‘Housing is a basic human right’: Tenant protest happens over Zoom

    A group of around 40 tenants gathered on Zoom last week to speak out against COVID-19 evictions and rent increases. (Submitted: Tricia Robinson)

    A group of around 40 tenants gathered on Zoom last week to speak out against COVID-19 evictions, advocating for a two per cent cap on rent increases and extending the grace period for late rent to 30-days instead of the current seven-day period.

    On Jan. 29, New Brunswick ACORN held a Virtual Tenant Protest. The link to the protest was open to the public.

    Sarah Lunney, a member of the N.B. ACORN, facilitated the protest and acted as the moderator. She is also a board member at the Saint John Community Food Basket, a food bank located in Uptown Saint John.

    “I just think that housing is a basic human right,” said Lunney.

    “No one should have to be subjected to homelessness, especially in a country as rich as Canada where we pride ourselves on being champions for human rights, yet we’re leaving a large portion of the population behind who are in very vulnerable situations.”

    ACORN is a membership organization made up of low to moderate-income people fighting for change. Their campaigns are dedicated to social and economic justice.

    The organization is a non-profit and each member pays a monthly membership fee of $15 to $30, whatever the member can afford, to contribute to the funding. ACORN has been active since 2004 and there are currently 24 chapters across nine cities in Canada.

    Sarah Lunney, a member of the N.B. ACORN, facilitated the protest and acted as the moderator. (Submitted: Sarah Lunney)

    Lunney is a member of the N.B. ACORN because she advocates for the increase of tenant rights in the province. She said N.B. has the least number of rights that benefit tenants and since the start of the pandemic, rent increases have been a concern. She said the government is trying to say it’s not a big issue within the province right now, but the protest showed otherwise.

    During the hour and 45-minute long protest, tenants spoke out about their personal experiences with evictions. There were guest speakers, phone calls made to MLA offices and a dial-in option for people who couldn’t attend the Zoom call.

    Lunney is not facing eviction, but hearing everyone else’s stories motivated her to get involved.

    “It’s becoming increasingly prevalent during the pandemic,” she said.

    Another member of the N.B. ACORN, Ty Wolfe, joined the organization because of how they’re fighting for people’s rights. Wolfe is experiencing tenancy and landlord issues. They attended the Zoom call to bring attention to the on-going issue within the province.

    “It’s such a heavy thing that is overlooked by a lot of people,” said Wolfe. “Some people think that they might be the only people experiencing this kind of thing, and it’s not the case.”

    Wolfe first moved into their Moncton apartment in December 2019 and there were already issues with the unit.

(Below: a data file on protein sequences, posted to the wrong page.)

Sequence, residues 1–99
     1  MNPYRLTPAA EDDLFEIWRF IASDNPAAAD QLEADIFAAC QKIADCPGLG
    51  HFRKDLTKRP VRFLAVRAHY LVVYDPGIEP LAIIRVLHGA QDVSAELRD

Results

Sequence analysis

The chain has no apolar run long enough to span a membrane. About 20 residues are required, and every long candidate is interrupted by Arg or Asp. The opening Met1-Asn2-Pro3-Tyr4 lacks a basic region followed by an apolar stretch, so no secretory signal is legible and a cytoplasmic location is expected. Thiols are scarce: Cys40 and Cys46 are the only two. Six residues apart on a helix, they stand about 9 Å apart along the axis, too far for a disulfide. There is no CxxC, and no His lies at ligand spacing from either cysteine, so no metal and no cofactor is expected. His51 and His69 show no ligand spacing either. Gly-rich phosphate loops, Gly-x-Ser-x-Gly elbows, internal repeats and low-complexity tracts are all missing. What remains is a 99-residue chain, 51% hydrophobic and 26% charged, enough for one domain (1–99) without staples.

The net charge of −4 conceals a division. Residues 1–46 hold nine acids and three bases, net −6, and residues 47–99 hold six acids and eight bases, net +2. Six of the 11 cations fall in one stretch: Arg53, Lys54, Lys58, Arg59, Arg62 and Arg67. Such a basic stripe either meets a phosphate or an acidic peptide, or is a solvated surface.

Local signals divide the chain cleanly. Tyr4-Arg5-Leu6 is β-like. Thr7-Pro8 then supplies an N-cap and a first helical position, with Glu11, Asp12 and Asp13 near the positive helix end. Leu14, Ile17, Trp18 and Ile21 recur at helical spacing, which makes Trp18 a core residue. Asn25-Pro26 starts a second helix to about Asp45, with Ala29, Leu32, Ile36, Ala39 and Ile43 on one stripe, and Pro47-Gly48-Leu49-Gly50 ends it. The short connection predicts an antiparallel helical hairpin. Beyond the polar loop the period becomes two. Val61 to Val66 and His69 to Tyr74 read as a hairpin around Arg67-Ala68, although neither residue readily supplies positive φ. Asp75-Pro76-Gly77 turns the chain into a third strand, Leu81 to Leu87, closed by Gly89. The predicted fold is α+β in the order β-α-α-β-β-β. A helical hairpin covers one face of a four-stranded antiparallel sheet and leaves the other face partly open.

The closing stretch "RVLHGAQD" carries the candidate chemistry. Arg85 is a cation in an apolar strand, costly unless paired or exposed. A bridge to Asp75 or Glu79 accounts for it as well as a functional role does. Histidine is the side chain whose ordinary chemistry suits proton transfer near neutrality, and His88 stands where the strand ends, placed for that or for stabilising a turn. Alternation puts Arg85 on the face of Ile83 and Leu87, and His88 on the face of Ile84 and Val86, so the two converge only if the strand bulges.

Ty Wolfe, a member of New Brunswick’s ACORN chapter, is experiencing tenancy and landlord issues. (Submitted: Ty Wolfe)

    The biggest issue upon moving in was a hole in the bathroom ceiling. The hole was repaired as they moved in, but eight days later, water started pouring out from the bathroom vent. Wolfe drilled holes in the ceiling to allow the water to drain into the bathtub.

    When the pandemic started in March, Wolfe explained to their landlord that they were losing work and would have a hard time paying rent. They offered to move out, but their landlord told them they’d figure it out.

    Multiple other issues had continued to occur over the year such as having to replace a heater, water damage, moldy baseboards and multiple drafts throughout the unit. Wolfe continued to inform their landlord and was told someone was coming to fix it, but no one showed up.

    After bringing up the problems, Wolfe was told by their landlord they would be fixed once they could pay back the two months they missed during lockdown. Wolfe told their landlord that they had proof they had tried to work something out.

    On Jan. 18, Wolfe was served eviction papers.

    Their landlord came into their apartment, pulled out the eviction papers and walked out. Wolfe ran after the landlord to their car but was ignored.

    By the eviction notice, Wolfe would have to move out of their apartment by Feb. 2, but they realized the address on the notice does not match their current address. Since then, Wolfe attempted to contact their landlord and even wrote a four-page letter that they planned to send with everything that went wrong in the past year.

    Wolfe’s main goal right now is to advocate for tenant rights and landlords doing their jobs.

    “People in charge of living conditions should not be allowing their tenants to live in unfair conditions and to disregard certain things like people’s health over the fact of your profit.”